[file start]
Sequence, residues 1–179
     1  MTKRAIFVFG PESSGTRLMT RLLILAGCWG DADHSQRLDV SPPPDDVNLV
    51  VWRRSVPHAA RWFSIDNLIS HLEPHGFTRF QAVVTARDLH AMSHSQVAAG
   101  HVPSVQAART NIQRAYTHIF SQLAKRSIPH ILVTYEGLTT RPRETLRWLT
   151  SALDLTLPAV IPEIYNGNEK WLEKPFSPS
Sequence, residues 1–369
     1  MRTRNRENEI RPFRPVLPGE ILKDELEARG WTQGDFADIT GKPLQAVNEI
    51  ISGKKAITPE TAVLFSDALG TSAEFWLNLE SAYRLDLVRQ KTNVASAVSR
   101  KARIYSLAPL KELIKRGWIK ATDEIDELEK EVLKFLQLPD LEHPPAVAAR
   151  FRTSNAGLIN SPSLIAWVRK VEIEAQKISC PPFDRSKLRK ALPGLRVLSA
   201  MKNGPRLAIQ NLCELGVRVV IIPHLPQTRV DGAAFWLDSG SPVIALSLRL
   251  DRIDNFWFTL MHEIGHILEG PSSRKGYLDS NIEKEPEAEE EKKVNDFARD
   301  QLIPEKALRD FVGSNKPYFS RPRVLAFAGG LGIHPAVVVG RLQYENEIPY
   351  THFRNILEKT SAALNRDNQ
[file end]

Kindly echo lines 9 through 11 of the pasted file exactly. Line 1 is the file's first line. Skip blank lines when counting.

   101  KARIYSLAPL KELIKRGWIK ATDEIDELEK EVLKFLQLPD LEHPPAVAAR
   151  FRTSNAGLIN SPSLIAWVRK VEIEAQKISC PPFDRSKLRK ALPGLRVLSA
   201  MKNGPRLAIQ NLCELGVRVV IIPHLPQTRV DGAAFWLDSG SPVIALSLRL